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Ken and I struggle with what and how much to put out on this venue. I like the informality, especially having spent the last two days doing formal press releases and interviews. (I’ve not seen if today’s papers actually use any of those)

It’s been interesting. A quick note off the top: Representatives Frankel, Hanna and Conklin have gone “social” with a twitter account on this — PA4colleges — and Facebook @ Pennsylvania College Coalition. Our student webpage is trying to connect our students to both local reps and their home reps.

We need to have the representatives hear NOW from large numbers. They need that early pushback.

But that can’t be our only pushback.

We need those concerned in the offices of representatives and senators IN THEIR DISTRICTS as soon as we can. We’ll have a more targeted list soon of those in key positions and holding key votes, but now we just need numbers.

And we need this not to be the only push.

The legislature needs time. They weren’t involved in developing this budget and didn’t get a lot (maybe “any”) answers before Tuesday morning that justify or explain how it was put together.

They are talking about being done by Memorial Day, but that means the big vote might be that week.

Our previously scheduled hearings on the Hill are March 23 in the Senate, March 28 in the House. Those will be good days to make noise in Harrisburg.

In the mean time, we’ll work on individual legislators in Harrisburg. Rep. Adolph, who has a child at West Chester, and Sen. Corman, who represents Centre County, where Penn State is the largest employer, are key figures in this next phase as Appropriations Chairs.  We’ve talked to both about the budget already and both are supportive of higher ed.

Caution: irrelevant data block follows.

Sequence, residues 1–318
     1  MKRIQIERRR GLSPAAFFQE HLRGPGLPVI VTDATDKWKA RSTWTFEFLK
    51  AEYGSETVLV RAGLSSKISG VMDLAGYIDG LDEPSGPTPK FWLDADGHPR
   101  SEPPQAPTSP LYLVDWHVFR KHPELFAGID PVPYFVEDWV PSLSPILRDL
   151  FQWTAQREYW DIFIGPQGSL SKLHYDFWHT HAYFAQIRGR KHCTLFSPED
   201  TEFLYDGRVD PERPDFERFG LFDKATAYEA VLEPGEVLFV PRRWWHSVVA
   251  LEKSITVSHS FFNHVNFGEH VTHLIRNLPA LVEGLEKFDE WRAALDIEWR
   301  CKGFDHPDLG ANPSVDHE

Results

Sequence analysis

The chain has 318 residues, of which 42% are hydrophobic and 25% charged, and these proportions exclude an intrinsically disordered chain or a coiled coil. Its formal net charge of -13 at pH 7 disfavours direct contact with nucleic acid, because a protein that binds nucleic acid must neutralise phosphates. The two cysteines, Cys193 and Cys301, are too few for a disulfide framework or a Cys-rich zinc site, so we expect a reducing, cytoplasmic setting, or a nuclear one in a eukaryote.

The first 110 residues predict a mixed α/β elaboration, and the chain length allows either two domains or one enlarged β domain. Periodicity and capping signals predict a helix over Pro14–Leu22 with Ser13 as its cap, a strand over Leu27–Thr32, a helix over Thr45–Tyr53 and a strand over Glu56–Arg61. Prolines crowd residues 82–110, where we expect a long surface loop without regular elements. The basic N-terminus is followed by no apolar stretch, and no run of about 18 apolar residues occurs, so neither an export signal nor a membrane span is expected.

But let’s lament for a moment: the Republicans won the November election. Tom Corbett is governor, and they hold huge majorities in both houses. It’s unlikely they’ll move off the Governor’s “no tax” pledge, leaving tough choices about how to balance the budget.

We don’t want them choosing to cut higher ed by more than 50 percent. But, without revenue enhancements, it’s cut off our arm or someone else’s.

The public sector unions are with us — we met yesterday. They’ll be pushing for more revenue and a change in this budget that is fairer to all and doesn’t damage our future by gutting education in the Commonwealth.

That’s where we stand today. There’s a long legislative fight ahead of us. Contact your reps now, and we’ll organize for pointed efforts later in the month and beyond.

In solidarity (and sadness),